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Sports-related concussion: ongoing debate
  1. Semyon Slobounov1,
  2. Jeff Bazarian2,
  3. Erin Bigler3,
  4. Robert Cantu4,
  5. Mark Hallett5,
  6. Robert Harbaugh6,
  7. David Hovda7,
  8. Andrew R Mayer8,
  9. Marc R Nuwer9,10,
  10. Zhifeng Kou11,
  11. Giuseppe Lazzarino12,
  12. Linda Papa13,
  13. Roberto Vagnozzi14
  1. 1Department of Kinesiology and Neurosurgery, Penn State Center for Sports Concussion, The Pennsylvania State University, Penn State Hershey Medical Center, University Park, Pennsylvania, USA
  2. 2Department of Emergency Medicine, Neurology, Neurosurgery, University of Rochester School of Medicine and Dentistry, Rochester, New York, USA
  3. 3Department of Psychology and Neuroscience, Brigham Young University, Provo, Utah, USA
  4. 4Department of Neurosurgery, Center for the Study of Traumatic Encephalopathy, Boston University School of Medicine, Boston, Massachusetts, USA
  5. 5Human Motor Control Section, National Institute of Neurological Disorders and Stroke, National Institutes of Health, Bethesda, Maryland, USA
  6. 6Department of Neurosurgery, Engineering and Mechanics, Penn State Institute of the Neurosciences, Engineering and Mechanics, Penn State University Hershey Medical Center, Hershey, Pennsylvania, USA
  7. 7Department of Neurosurgery, Molecular and Medical Pharmacology, UCLA Brain Injury Research Center, David Geffen School of Medicine, Los Angeles, California, USA
  8. 8The Mind Research Network, Albuquergue, New Mexico, USA
  9. 9Department of Neurology, David Geffen School of Medicine at UCLA, Los Angeles, California, USA
  10. 10Department of Clinical Neurophysiology, Ronald Reagan UCLA Medical Center, Los Angeles, California, USA
  11. 11Department of Biomedical Engineering and Radiology, Wayne State University School of Medicine, Detroit, Michigan, USA
  12. 12Department of Biology, Geology and Environmental Sciences, Division of Biochemistry and Molecular Biology, University of Catania, Italy
  13. 13Department of Emergency Medicine, Orlando Regional Medical Center, Orlando, Florida, USA
  14. 14Department of Biomedicine and Prevention, Section of Neurosurgery, University of Rome ‘Tor Vergata’, Rome, Italy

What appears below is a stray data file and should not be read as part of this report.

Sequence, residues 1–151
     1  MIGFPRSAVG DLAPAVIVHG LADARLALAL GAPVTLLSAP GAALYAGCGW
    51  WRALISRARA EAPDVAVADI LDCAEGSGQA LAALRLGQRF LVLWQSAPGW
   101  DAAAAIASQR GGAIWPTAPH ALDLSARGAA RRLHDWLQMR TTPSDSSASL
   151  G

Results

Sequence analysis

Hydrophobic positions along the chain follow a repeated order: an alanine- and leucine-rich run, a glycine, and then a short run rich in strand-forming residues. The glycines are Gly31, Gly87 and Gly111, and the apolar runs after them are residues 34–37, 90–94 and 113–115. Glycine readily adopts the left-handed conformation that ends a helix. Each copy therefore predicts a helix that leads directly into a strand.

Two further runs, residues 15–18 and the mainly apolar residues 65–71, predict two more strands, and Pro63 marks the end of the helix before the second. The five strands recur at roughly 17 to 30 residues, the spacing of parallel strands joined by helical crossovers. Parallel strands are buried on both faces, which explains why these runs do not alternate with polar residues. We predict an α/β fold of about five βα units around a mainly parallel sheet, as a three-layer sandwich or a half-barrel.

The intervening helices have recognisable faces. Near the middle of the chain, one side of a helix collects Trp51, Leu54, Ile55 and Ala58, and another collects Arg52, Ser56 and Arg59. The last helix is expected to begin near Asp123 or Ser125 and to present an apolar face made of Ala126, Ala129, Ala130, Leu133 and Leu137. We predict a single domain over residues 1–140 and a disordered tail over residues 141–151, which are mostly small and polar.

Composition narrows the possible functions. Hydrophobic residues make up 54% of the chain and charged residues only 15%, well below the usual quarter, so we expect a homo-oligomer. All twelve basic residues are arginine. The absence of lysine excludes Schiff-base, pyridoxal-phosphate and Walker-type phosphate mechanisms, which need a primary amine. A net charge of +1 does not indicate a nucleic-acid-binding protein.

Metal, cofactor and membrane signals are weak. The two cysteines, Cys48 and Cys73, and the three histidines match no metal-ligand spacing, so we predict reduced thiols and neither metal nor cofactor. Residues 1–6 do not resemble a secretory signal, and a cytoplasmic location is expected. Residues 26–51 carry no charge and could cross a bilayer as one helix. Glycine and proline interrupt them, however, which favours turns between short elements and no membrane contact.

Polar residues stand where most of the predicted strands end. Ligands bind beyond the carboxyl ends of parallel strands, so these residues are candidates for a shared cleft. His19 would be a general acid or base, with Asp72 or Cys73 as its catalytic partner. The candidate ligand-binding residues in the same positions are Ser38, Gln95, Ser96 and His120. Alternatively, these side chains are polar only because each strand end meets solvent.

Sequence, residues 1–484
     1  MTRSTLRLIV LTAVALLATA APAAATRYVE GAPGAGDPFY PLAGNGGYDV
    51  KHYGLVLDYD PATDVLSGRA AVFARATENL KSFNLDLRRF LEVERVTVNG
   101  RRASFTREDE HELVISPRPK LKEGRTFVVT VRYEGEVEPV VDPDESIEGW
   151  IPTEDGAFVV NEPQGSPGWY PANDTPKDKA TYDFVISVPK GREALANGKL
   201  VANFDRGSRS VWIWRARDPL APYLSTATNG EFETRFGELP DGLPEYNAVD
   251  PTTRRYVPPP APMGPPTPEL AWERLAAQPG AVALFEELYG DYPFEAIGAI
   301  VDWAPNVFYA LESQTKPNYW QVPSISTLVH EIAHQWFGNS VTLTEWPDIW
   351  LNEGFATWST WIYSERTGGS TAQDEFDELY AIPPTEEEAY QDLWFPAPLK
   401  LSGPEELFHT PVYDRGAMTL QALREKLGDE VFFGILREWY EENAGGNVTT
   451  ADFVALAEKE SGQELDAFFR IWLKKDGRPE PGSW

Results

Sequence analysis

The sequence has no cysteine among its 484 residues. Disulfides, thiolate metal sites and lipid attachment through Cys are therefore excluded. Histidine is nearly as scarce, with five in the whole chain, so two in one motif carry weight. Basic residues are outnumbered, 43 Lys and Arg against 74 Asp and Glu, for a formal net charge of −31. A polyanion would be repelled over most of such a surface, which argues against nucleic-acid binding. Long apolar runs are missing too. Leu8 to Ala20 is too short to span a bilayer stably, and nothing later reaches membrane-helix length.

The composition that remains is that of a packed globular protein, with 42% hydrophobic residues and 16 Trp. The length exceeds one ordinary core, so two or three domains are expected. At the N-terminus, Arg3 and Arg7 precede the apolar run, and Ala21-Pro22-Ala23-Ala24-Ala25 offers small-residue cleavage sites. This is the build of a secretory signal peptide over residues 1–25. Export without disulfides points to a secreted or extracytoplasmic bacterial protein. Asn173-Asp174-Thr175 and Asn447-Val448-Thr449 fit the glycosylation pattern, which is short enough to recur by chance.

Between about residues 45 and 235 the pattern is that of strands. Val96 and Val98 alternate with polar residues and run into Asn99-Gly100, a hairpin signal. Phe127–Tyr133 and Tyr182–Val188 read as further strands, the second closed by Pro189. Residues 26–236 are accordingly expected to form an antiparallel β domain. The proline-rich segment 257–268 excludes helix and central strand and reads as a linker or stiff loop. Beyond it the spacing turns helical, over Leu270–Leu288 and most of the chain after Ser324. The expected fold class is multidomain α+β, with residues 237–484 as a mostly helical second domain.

1. Correspondence to Dr Semyon Slobounov, Department of Kinesiology and Neurosurgery, Penn State Center for Sports Concussion, The Pennsylvania State University, Penn State Hershey Medical Center, 19 Recreation Hall, University Park, PA 16802, USA; sms18{at}psu.edu

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Research in mild traumatic brain injury (mTBI), also known as concussion, has increased significantly within the past decade parallel to the increased attention being given from injured athletes on high school, collegiate and professional sports teams. These patients have focused the research community's efforts into further understanding the pathophysiological underpinnings of the injury as well as its both short-term and long-term effects.1 Widespread media coverage and several high-profile cases have raised the issue of possible severe and devastating long-term consequences of repetitive sports-related brain trauma that may involve the acquisition of a proteinopathy2 as well as an increased risk for developing neurodegenerative diseases associated with repetitive concussive and subconcussive blows.3

Following a concussive episode there is a destructive pathophysiological and biochemical response that initiates a chain of neurometabolic and neurochemical reactions that include activation of inflammatory response, imbalances of ion concentrations, increase in the presence of excitatory amino acids, dysregulation of neurotransmitter synthesis and release, imbalance in mitochondrial functions and energy metabolism, and production of free radicals.4 Most of these molecular changes resolve spontaneously but, since cells are highly vulnerable, a second concussive event during this period of altered cell …

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